U.S. bishops request that foreign nationals from hurricane-devastated countries not be deported

Puertos Cabezas, Nicaragua. Nov. 7, 2020: People in rubble after Hurricane Eta Path. Credit: Jeiner Huete_P/Shutterstock

Washington D.C., Feb 10, 2021 / 11:18 am (CNA).- U.S. bishops and Catholic Relief Services (CRS) asked the Biden administration on Wednesday to protect from deportation certain foreign nationals from countries devastated by November hurricanes.

In a letter to Homeland Security Secretary Alejandro Mayorkas and Secretary of State Antony Blinken, leading U.S. bishops and the head of CRS urged the administration to grant 18-month Temporary Protected Status (TPS) to foreign nationals from El Salvador, Guatemala, Honduras, and Nicaragua.

“Current conditions prevent foreign nationals from returning safely, and managing their return would only add to existing challenges,” the letter states. “This is compounded with the ongoing COVID-19 pandemic, which further strains limited resources on the ground and imposes an added layer of complication for return.”

The letter was led by Bishop Mario Dorsonville, auxiliary bishop of Washington and chairman of the U.S. Conference of Catholic Bishops’ (USCCB) migration committee, as well as Bishop David Malloy of Rockford, chairman of the USCCB’s international justice and peace committee, as well as Sean Callahan, president and CEO of Catholic Relief Services.

TPS is a special designation permitting certain individuals to remain and work lawfully in the U.S. if returning to their home country could put them in danger; circumstances that warrant TPS include armed conflict or an environmental disaster in a migrant’s home country.

The four Central American countries mentioned by the bishops have been severely impacted by November hurricanes. According to Caritas International, Hurricane Eta was the most powerful hurricane to hit Central America in 20 years.

Both Eta and Hurricane Iota–category 4 hurricanes which made landfall within three weeks of each other and only 15 miles apart–displaced hundreds of thousands of people and caused more than $700 million in estimated damages in Nicaragua alone, the bishops said in their letter.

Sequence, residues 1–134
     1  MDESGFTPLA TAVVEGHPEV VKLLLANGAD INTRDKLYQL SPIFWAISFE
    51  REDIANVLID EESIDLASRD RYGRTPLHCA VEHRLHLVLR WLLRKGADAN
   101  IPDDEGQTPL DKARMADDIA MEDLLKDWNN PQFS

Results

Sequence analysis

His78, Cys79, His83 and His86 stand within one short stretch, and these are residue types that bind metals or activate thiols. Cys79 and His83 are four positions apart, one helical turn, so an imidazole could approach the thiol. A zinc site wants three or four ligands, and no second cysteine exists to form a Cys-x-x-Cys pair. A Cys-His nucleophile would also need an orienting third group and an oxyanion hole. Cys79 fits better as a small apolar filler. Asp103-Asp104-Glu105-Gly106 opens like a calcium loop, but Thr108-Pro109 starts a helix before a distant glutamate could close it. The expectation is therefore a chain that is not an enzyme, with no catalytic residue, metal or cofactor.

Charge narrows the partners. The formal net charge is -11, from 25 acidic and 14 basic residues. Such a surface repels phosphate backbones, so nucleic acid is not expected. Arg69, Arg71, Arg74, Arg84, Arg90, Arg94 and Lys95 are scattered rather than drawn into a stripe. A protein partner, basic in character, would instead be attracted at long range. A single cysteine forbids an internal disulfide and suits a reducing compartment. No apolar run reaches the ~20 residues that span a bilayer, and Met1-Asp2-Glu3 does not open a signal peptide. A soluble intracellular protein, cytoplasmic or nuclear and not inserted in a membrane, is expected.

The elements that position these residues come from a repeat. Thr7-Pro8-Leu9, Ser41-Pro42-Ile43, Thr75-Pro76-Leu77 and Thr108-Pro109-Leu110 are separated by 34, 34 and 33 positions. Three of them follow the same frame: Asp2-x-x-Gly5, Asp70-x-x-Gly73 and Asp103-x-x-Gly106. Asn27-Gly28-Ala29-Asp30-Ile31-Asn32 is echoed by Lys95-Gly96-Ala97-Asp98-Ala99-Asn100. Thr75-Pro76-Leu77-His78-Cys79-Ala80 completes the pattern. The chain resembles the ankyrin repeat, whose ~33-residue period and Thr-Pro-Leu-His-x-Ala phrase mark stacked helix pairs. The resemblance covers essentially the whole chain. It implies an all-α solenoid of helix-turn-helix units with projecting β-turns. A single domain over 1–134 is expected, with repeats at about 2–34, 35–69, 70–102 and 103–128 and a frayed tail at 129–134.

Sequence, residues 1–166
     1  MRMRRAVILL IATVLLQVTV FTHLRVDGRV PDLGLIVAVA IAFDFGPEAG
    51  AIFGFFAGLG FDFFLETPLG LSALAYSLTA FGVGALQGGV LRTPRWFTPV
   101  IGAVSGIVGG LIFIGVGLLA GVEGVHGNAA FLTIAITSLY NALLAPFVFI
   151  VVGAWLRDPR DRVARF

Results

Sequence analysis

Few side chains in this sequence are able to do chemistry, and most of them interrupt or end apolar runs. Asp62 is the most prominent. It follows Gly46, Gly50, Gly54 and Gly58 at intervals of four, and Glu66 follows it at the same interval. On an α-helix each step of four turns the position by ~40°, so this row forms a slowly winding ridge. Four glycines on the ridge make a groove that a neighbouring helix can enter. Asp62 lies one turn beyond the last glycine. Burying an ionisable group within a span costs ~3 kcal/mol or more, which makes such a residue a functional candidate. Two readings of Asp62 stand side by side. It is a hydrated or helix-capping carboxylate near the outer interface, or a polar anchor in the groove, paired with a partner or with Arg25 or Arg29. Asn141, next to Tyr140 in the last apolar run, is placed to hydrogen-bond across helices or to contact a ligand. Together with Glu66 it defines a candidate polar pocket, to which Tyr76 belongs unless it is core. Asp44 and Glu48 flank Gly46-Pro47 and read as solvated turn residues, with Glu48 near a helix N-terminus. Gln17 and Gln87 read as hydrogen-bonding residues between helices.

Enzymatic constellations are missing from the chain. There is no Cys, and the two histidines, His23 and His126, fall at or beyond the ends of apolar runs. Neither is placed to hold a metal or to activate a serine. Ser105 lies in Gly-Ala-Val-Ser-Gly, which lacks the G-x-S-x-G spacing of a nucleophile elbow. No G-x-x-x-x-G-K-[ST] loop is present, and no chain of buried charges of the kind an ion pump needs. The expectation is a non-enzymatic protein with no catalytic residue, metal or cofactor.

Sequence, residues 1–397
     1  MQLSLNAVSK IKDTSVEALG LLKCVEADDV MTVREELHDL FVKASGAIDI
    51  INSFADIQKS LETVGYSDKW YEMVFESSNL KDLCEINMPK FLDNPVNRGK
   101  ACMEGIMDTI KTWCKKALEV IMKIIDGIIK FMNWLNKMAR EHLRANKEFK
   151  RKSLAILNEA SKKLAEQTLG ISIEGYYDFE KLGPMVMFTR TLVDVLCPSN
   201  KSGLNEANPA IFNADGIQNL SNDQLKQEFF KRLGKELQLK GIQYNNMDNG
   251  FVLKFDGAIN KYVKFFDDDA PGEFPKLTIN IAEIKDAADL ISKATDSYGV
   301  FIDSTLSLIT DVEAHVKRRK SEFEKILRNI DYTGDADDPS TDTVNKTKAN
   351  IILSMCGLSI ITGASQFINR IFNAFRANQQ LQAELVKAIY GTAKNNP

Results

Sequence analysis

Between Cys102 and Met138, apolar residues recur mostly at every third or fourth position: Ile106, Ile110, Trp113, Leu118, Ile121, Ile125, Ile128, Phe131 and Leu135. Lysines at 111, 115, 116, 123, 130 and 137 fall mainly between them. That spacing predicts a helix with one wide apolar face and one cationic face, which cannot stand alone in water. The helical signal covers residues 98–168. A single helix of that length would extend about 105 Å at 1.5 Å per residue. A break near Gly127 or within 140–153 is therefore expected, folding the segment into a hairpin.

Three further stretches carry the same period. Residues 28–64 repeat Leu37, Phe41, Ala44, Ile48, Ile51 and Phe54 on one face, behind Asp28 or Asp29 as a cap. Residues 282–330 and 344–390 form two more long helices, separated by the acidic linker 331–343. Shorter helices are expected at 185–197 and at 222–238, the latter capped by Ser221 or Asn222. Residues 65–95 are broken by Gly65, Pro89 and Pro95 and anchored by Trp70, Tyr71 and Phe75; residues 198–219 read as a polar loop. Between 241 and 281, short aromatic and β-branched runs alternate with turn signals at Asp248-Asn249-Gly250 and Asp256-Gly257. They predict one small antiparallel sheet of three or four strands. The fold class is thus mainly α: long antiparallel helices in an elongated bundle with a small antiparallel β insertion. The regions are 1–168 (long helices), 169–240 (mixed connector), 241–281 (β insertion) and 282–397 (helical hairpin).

The U.S. has a “moral responsibility” to provide a legal haven for persons hailing from these countries, the bishops wrote, saying that the hurricanes “have devastated communities across Central America.”

“In addition to providing life-saving humanitarian assistance to populations in need, the U.S. has a moral responsibility to provide foreign nationals from these countries currently present in the U.S. temporary humanitarian protection,” the letter states.

Spokespersons for the Departments of Homeland Security and State did not immediately respond to requests for comment on the request.

The Trump administration moved to end TPS protections for certain countries, including El Salvador and Nicaragua.

On Feb. 3, White House Press Secretary Jen Psaki wouldn’t say if the Biden administration would renew TPS protections for those countries, noting that the process was “under review.” President Biden has already proposed a pathway to citizenship for TPS holders.

The bishops appealed to American “values” in their request for aid.

“As Americans, we know such a response to be supported by the values, laws, and ideals that this country holds dear; and as Christians, we are called in a special way to make this plea,” it continued. “We therefore join with people of faith all across the U.S. in praying for a swift recovery from these devastating storms and a humane response to those impacted by them.”

A CRS official told told CNA’s Spanish-language sister agency ACI Prensa in November that global attention on other crises–such as the COVID-19 pandemic–was impacting the group’s relief efforts in Central America. The official appealed to Catholics to “not overlook Central America.”

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